Jul/Aug 2003 Poetry

Two Poems

by John Reinhard


Cooking with Women

The women shave
the asparagus down, trimming
away the tough and stringy
layers. Men search
until they find
the crisp
neck of the asparagus
at which point the men
and snap.

Women like to measure
with some accuracy. Men
estimate, always toss in more
than is called for. Men strut
in the kitchen, play
with knives and heat.
Here's some curry, some
poblano peppers, some anaheims,
some Scotch bonnet, watch that!
Here's some spicy sesame oil, some
Cajun salt, some dried
red pepper flakes.

When men share a kitchen
with women, they like to show
off, so they cook gross things.
Men know how good this can be.
Chicken hearts dredged in spiced flour
and deep fried. Prairie oysters, dipped
in egg wash, dredged in spiced flour
and deep fried. Pickles plopped
in spicy beer batter
and deep fried.

When the dinner's over, the women
are often amazed at the rough delicacy
and fleshy deliciousness of
deep-fried gross things. The women lick
their lips. The men say,
Let's clean up in the morning. The women
tease the men into the kitchen
where the grease is congealing on the
slippery floor, which the men
will soon be wiping, the men on their
knees, thinking about the feasts
that women are, the women whose hands
and arms are soaking with suds, women
who are thinking about
how clean everything will be
when the women are done
and the men are fast asleep
in the brilliant shine.


The Fruits of Love

My son introduces me to a fresh cantaloupe.
"Dad," he says, "this is my friend, Dave,
and I'm not gonna eat him."

That night, climbing into bed
between his mother and me
he is cradling Dave. He has
dressed Dave the cantaloupe
in a pair of Batman underwear.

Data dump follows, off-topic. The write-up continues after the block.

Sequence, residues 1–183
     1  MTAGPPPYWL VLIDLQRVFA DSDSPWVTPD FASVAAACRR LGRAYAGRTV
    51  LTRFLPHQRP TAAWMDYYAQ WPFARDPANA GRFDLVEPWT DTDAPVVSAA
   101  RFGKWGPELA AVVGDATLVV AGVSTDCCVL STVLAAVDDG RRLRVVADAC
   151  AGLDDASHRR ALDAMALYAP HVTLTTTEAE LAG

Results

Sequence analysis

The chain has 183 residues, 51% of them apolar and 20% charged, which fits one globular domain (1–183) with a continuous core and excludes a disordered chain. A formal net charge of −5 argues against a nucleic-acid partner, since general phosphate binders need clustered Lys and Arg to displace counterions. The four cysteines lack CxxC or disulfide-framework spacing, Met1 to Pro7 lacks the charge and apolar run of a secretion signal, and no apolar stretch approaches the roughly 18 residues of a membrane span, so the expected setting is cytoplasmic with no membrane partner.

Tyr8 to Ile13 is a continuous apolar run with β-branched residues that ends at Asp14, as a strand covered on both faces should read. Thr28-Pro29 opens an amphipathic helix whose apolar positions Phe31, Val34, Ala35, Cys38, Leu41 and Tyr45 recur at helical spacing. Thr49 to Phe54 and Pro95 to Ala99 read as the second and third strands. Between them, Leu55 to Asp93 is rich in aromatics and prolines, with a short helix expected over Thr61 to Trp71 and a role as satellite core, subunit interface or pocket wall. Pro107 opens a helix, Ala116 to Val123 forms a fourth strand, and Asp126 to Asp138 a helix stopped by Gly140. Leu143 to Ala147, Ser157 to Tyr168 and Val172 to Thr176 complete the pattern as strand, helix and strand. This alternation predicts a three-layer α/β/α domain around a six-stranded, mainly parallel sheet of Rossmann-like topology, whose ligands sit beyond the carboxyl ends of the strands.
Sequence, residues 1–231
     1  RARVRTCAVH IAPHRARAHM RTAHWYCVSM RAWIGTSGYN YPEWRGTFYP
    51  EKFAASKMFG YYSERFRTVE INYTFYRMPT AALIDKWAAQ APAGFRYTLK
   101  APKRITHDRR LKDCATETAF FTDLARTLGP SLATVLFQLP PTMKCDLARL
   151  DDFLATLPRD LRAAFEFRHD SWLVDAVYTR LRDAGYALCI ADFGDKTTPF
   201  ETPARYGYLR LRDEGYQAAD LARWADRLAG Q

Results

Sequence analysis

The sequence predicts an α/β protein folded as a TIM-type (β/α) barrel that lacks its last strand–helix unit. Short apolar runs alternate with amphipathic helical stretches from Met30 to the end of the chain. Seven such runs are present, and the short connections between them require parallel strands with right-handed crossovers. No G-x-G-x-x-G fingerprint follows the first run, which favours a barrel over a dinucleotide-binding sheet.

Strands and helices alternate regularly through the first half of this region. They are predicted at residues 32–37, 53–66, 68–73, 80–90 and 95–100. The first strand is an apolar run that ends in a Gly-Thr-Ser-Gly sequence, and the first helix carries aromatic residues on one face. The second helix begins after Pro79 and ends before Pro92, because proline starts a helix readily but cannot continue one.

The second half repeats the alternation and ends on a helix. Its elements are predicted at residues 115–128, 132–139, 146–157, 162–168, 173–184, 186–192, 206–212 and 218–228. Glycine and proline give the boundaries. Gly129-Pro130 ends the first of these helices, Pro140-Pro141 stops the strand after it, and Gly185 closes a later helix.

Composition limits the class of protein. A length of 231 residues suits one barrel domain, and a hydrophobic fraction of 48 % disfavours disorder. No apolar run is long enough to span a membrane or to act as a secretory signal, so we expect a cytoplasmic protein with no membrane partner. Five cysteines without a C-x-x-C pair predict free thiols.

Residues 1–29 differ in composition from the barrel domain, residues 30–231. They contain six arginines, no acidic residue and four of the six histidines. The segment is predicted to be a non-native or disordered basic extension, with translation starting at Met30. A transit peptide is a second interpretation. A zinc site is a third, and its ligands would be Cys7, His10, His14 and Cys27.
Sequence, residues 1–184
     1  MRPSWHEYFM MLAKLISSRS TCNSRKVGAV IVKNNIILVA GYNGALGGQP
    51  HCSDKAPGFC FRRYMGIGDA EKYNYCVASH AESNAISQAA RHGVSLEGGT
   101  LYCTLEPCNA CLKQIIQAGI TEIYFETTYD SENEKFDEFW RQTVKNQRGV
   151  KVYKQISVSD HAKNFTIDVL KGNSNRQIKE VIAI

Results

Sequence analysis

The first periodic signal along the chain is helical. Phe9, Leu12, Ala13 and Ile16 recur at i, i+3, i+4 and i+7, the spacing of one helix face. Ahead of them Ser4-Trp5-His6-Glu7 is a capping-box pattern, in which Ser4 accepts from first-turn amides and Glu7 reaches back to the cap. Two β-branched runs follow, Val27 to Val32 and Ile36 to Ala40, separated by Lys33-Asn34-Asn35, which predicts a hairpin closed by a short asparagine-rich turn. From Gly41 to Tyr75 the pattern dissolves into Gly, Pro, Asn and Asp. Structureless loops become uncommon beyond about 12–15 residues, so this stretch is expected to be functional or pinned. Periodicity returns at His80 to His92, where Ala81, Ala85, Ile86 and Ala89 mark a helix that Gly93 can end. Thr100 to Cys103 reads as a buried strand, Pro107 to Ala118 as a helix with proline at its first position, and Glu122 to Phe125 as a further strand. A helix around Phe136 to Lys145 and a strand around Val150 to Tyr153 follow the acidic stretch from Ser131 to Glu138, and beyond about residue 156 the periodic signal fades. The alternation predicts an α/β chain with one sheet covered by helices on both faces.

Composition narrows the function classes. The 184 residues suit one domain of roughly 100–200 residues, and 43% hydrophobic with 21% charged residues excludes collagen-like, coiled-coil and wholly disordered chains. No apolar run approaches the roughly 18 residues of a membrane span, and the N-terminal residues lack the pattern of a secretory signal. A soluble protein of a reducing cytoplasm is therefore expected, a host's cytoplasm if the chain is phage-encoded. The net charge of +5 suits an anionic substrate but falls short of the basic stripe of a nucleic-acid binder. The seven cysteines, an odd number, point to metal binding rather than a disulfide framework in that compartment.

My four-year-old son smiles and tells me,
"I just have a whole lotta love."

I must confess, for me, a whole lotta love
is three decades ago, Led Zeppelin,
right about when they were also
singing, "Squeeze my lemon, baby,
till the juice runs down my leg."

This seemed fairly profound
at the time, and so began
my own sordid history
with fruit, a series of
one-night stands, an intimacy
with pineapple, painful, and
melon, unnamed, and one
particularly sad encounter involving
a cored apple
that disintegrated before
our big moment arrived, and I remember
staring down at the debris
and feeling certain that if, somehow,
a woman showed up right now
and took me in her mouth, she'd
be astonished, thinking,
How delicious!
How McIntosh!
How Granny Smith!

But no woman showed.
I was finished with fruit.
And desire remained
the one constant, however
solitary and insistant
and full of seed.
It was good preparation, though,
for the eventual happiness
I don't take for granted, for
the sweetness in a woman's mouth,
her sweetness and mine.

Yet it didn't prepare me
for Dave, for my son sleeping
with a cantaloupe and calling it
love, for what that might portend
in an already complicated life. For
how, after three days, our bed sheet
begins to reek with the sweat
and stink of cantaloupe, overripe.

So we send Dave off,
our son never realizing, lost by then
to his drawings of dinosaurs and
sea dragons, his mind
on bigger things. He never
notices Dave in the dumpster,
Dave never to know what it is
to be cut in half,
to be eaten, Dave the cantaloupe
tossed off at the last
and more than a little bruised.


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